Plea deals can be a very effective way to resolve a criminal case and limit the potential consequences of a conviction for a sex crime or other crime. That said, it’s important for a person considering a plea to fully understand what he or she is agreeing to do, the rights he or she is giving up, and the benefit (if any) he or she is getting in return. As a recent case out of the U.S. District Court for the Middle District of Florida shows, you usually can’t take the agreement back once you sign it.A defendant was arrested and charged with production of child pornography after police found that he was allegedly exchanging pornographic material with another person via email. The cops found the emails after arresting another man on similar charges in Tennessee. FBI agents and police officers obtained a warrant to search the defendant’s home in Jacksonville, where they seized a laptop computer and thumb drive. They later found some 650 child pornography images on the computer and thumb drive.
When law enforcement officers talked to the defendant at his work, he admitted to controlling the email account that the cops had found was sending and receiving child pornography, according to the court. He told the cops that he had used his iPhone to capture some of the images while babysitting a nine-year-old child.
The defendant later entered into a plea agreement. He admitted to many of the facts alleged by prosecutors, according to the court, and signed an agreement in which he agreed to waive his right to appeal his punishment for the crime. The defendant was convicted and eventually sentenced to 20 years in prison. He was also ordered to serve 20 years of supervised release following the prison time.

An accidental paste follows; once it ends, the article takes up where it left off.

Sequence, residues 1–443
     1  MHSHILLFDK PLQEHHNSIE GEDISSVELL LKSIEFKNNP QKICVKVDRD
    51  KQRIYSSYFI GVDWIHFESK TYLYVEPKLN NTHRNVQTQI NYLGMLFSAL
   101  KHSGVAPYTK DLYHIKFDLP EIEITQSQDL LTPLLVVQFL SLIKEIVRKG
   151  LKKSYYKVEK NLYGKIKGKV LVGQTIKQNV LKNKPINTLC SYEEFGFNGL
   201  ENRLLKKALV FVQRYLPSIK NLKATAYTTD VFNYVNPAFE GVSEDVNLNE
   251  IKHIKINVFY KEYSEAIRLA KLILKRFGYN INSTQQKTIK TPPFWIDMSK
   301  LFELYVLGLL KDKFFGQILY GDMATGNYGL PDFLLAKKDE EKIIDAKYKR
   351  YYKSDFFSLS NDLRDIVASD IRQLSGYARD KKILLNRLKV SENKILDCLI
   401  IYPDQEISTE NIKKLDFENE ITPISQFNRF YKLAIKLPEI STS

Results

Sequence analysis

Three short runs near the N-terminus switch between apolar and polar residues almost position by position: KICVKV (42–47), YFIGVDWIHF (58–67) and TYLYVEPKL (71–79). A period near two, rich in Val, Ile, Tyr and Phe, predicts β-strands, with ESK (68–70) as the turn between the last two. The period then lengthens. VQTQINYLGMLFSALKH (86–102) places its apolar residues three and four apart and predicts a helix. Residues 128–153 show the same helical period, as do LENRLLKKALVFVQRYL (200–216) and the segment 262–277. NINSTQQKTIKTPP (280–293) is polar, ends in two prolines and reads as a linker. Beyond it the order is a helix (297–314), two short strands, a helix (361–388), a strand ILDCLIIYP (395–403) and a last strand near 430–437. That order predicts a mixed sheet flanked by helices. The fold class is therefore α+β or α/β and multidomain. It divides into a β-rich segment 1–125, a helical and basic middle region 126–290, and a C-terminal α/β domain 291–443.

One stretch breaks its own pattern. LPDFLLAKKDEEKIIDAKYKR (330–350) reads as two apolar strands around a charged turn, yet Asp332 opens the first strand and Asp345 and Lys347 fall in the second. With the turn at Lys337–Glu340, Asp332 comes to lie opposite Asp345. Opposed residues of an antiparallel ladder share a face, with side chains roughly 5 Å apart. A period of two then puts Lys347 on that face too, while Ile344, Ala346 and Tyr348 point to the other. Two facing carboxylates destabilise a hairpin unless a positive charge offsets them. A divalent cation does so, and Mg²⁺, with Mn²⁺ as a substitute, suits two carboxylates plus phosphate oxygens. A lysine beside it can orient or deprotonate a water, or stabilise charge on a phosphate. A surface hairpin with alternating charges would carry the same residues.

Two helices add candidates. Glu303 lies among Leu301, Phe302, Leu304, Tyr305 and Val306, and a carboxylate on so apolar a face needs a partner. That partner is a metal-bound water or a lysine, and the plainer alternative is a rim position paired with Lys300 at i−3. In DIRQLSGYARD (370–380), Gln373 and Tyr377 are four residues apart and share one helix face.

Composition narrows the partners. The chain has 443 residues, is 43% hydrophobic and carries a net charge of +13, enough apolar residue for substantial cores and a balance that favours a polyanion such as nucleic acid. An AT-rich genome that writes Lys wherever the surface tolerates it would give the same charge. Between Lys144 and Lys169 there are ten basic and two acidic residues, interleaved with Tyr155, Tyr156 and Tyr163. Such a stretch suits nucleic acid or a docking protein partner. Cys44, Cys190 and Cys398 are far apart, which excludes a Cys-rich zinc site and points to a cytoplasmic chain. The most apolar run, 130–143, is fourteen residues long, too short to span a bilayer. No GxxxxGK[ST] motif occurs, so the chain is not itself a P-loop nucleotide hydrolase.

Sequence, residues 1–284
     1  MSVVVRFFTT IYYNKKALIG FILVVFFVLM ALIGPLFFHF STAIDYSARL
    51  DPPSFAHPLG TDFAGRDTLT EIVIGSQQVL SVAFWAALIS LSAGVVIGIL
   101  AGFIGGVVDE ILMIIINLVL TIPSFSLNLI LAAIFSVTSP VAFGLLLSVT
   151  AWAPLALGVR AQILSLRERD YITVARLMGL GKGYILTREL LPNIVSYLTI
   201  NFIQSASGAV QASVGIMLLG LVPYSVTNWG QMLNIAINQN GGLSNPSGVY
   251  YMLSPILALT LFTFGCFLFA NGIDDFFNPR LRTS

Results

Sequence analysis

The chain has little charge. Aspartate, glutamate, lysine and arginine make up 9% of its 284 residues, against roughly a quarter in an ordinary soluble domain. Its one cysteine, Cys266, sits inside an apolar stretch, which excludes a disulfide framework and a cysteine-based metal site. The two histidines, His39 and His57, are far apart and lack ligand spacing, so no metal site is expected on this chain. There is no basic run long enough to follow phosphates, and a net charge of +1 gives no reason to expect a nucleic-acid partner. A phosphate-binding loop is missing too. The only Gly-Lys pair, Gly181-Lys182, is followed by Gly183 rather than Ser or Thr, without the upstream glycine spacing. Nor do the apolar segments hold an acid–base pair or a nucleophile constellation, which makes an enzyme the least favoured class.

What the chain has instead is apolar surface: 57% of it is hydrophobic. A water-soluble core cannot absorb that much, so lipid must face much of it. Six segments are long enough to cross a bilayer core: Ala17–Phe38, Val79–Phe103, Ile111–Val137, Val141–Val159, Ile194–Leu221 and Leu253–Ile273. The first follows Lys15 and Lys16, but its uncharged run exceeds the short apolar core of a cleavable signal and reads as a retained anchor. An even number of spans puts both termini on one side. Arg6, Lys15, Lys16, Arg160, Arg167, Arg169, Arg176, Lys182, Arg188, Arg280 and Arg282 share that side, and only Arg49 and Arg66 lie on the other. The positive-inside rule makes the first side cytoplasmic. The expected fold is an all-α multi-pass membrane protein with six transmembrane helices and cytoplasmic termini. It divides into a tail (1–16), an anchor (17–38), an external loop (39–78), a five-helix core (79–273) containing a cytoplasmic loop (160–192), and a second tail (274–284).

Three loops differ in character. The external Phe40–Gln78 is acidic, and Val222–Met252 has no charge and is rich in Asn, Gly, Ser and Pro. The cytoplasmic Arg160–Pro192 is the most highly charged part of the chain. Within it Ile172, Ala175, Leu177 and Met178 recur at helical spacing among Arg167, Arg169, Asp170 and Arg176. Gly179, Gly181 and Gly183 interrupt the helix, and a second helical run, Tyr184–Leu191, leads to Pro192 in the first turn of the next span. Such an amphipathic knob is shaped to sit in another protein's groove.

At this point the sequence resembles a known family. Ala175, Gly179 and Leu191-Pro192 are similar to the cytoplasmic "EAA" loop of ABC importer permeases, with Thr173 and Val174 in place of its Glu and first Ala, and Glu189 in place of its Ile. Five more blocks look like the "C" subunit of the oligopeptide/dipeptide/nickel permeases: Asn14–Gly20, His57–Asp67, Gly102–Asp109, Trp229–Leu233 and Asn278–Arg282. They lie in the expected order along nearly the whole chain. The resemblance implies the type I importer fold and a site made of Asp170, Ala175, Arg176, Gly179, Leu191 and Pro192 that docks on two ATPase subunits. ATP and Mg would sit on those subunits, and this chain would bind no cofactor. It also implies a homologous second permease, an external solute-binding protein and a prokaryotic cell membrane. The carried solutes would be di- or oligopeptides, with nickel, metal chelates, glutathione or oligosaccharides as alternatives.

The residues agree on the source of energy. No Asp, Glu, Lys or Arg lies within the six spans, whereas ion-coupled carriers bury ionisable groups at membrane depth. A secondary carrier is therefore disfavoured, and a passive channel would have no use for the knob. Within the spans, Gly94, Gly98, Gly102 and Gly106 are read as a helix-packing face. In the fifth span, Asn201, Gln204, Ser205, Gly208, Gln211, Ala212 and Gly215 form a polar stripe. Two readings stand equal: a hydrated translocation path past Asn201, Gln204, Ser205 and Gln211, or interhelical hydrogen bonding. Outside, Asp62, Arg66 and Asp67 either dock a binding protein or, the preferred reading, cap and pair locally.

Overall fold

The defendant later filed a motion with the court, asking it to vacate that sentence. He argued that he should have been told that he might be able to enter an “open plea,” reserving the right to appeal the sentence. The district court denied the motion. The judge said he failed to show that he was prejudiced by allegedly not being told that he could enter an open plea. “Petitioner alleges only that he would have ‘considered entering an open plea’ had counsel advised him of the possibility,” the court said. “Merely alleging that he would have ‘considered’ an open plea, however, is insufficient to show that the result of Petitioner’s proceedings would have been different.” In fact, the court said there was no evidence showing that the prosecutors would have actually offered the defendant the option to enter an open plea.
If you or a loved one has been charged with a sex crime in Florida, it is essential that you seek the advice and counsel of an experienced lawyer. Clearwater child pornography attorney Will Hanlon is a seasoned lawyer who fights aggressively on behalf of clients charged with a wide range of offenses. Call our offices at (727) 897-5413 or contact us online to speak with Mr. Hanlon about your case.
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